Thanks for the note, PortMoresby. I've visited a lot of the US parks, but Big Bend is still on my "to do" list. They do white water rafting trips there, which appeals to me. One of the things that a lot of folks enjoy about these "orphans" is that they are so sparsely peopled, with few tourists. I think the US Parks system is the USA's biggest tourist asset. I'm certainly a huge fan. Seems whenever I'm in a US Park, more German is spoken than English. The German folks certainly are aware of...
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Re: A visit to Great Basin National Park

PHeymont ·
The comments on "orphan parks" made for some interesting thoughts. How do we (as a society) choose what to save for parks? When you consider urban parkland, the point is obvious: people who have no land of their own need areas for public recreation. In other cases, individuals with wealth and influence have created parks in areas important to them personally (think of Acadia and the Rockefellers, Palisades Interstate Park and Morgan partners). But setting aside and maintaining areas like...
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Re: A visit to Great Basin National Park

PortMoresby ·
Pheymont, you speak as if budget cuts are in the future when in fact the Park Service has been functioning with less and less for years now. The Service has a mission to which they're dedicated but less funding has meant "deferred" maintenance on buildings, trails, you name it. And when features of a park are deemed unsafe or there isn't personnel to oversee visitors then parts are closed. I've experienced that myself recently when a trail I've visited in years past was closed. I have no...
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Re: A visit to Great Basin National Park

DrFumblefinger ·
Costs for the existing parks is mostly maintenance and salary. In the face of a broke federal government, I would favor increased user fees. $10-20 for a family to visit a national park for a week is the greatest bargain out there. People who love the parks would happily pay twice as much and I don't think the extra cost would be a deterent. Also, it's reasonable for those with concessions to pay up more than they are. They are given a monopoly and some of those profits should go back to the...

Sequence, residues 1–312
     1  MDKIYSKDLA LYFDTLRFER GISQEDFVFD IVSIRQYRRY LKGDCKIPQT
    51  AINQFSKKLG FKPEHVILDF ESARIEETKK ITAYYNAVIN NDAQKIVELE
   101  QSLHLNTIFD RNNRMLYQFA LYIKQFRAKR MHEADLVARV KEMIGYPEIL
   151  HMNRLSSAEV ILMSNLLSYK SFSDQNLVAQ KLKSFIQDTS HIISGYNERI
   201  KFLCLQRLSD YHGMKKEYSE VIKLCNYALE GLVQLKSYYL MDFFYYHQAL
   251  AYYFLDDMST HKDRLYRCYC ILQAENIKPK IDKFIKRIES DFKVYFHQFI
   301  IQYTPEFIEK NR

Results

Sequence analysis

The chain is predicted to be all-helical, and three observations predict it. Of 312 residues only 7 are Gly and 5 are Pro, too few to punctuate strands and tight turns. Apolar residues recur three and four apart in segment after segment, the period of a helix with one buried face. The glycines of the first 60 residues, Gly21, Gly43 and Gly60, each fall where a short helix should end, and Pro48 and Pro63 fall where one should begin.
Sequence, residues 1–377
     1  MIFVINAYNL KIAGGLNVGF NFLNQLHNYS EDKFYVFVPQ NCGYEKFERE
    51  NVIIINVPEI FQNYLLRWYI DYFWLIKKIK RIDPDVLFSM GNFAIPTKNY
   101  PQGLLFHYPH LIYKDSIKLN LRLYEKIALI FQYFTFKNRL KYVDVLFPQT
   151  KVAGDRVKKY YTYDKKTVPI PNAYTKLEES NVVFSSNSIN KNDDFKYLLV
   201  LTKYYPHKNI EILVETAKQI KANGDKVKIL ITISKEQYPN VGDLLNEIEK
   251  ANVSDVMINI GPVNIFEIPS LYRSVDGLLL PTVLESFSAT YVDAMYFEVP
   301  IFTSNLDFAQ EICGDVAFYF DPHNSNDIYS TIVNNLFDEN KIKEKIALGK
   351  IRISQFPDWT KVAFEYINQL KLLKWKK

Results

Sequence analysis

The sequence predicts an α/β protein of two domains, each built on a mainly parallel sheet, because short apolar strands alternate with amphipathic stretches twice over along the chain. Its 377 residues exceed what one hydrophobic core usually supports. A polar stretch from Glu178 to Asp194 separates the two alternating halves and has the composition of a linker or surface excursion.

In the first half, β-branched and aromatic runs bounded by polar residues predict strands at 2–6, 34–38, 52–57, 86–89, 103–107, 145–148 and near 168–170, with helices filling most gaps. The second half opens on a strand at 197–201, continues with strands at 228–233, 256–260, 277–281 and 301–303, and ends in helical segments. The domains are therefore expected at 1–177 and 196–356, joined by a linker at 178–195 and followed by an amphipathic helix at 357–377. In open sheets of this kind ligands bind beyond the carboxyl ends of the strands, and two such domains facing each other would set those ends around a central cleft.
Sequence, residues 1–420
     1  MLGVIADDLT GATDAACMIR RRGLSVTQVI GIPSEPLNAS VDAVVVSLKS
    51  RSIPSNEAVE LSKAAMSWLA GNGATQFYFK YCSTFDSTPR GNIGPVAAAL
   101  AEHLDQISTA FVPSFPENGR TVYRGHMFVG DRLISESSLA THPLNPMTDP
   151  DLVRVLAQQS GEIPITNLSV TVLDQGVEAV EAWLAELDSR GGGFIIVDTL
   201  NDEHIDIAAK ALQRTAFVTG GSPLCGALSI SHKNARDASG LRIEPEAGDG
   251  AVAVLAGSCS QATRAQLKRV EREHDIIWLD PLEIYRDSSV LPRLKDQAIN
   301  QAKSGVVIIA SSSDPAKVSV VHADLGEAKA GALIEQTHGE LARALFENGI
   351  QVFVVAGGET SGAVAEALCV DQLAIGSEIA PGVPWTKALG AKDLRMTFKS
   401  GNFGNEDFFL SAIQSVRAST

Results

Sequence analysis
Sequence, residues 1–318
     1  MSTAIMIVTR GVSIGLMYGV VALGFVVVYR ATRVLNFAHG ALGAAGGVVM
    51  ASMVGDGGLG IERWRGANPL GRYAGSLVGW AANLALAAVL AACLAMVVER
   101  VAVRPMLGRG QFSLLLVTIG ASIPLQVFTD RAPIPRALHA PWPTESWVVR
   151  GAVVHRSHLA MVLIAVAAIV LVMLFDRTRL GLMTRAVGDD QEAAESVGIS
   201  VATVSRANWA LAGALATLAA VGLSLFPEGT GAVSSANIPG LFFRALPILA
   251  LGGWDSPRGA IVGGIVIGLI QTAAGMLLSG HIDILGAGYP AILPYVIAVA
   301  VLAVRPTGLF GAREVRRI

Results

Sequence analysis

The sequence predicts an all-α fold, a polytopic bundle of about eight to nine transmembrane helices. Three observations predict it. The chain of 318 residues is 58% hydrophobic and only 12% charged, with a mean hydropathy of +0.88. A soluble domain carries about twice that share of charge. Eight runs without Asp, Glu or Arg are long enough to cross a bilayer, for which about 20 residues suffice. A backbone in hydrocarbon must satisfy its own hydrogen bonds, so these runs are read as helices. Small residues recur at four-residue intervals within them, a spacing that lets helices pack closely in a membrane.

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Re: A visit to Great Basin National Park

PHeymont ·
No, I'm painfully aware of the past and present cuts...but I see more ahead. My concern is that there are loud voices (my own included) to speak out against cuts to parks that have a big "fan base," including Gateway here in the NY area. Because so many speak out for those parks, I fear that NPS will increasingly "hide the damage" by even more drastic cuts to others--perhaps even outright abandonment. And that's not so far-fetched an idea. For some 20 or more years here in New York, Prospect...
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Re: A visit to Great Basin National Park

DrFumblefinger ·
PHeymont, I don't believe we disagree. I think the problem is that the park system relies on "federal handouts" and when a government is broke, there's less to hand out. As I said, I sort of favor them being self-funded by their user and concession fees. That's a lot of money already (if it was all kept in the parks) and people would be willing to pay more IF they knew the money stayed in the parks and didn't get diverted back into the Washington's general budget. Orphan parks would be...
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Re: A Visit to Ireland: Part 6) Slea Head. A Tour of the Dingle Peninsula

IslandMan ·
Beautiful landscapes DrF. I especially like the stone walls and dwellings. There are similar ones in Malta except they are made of limestone
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Re: A Visit to Ireland: Part 6) Slea Head. A Tour of the Dingle Peninsula

DrFumblefinger ·
The landscapes of the Dingle Peninsula are truly beautiful and memorable. What will especially stick with me are the many rocks and stones and how they were used -- fences, beehive huts, even a grand old church (Gallarus Oratory). I become more and more intrigued by Malta ever day, IslandMan. It is quickly moving up my travel list!
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Re: A Visit to Ireland: Part 6) Slea Head. A Tour of the Dingle Peninsula

rbciao ·
Slea Head on The Dingle Peninsula is one of my favorite places in the world, even though it is not in Italy. The Slea Head Cafe is also one of my favorite places for a latte, a brownie, and the VIEW. The coffee and dessert. Between Sea Head and Dingle Town is the Stonehouse Restaurant, which overlooks the Dingle Bay. The crabmeat sandwich on brown bread was really good along with the view.
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Re: A Visit to Ireland: Part 6) Slea Head. A Tour of the Dingle Peninsula

DrFumblefinger ·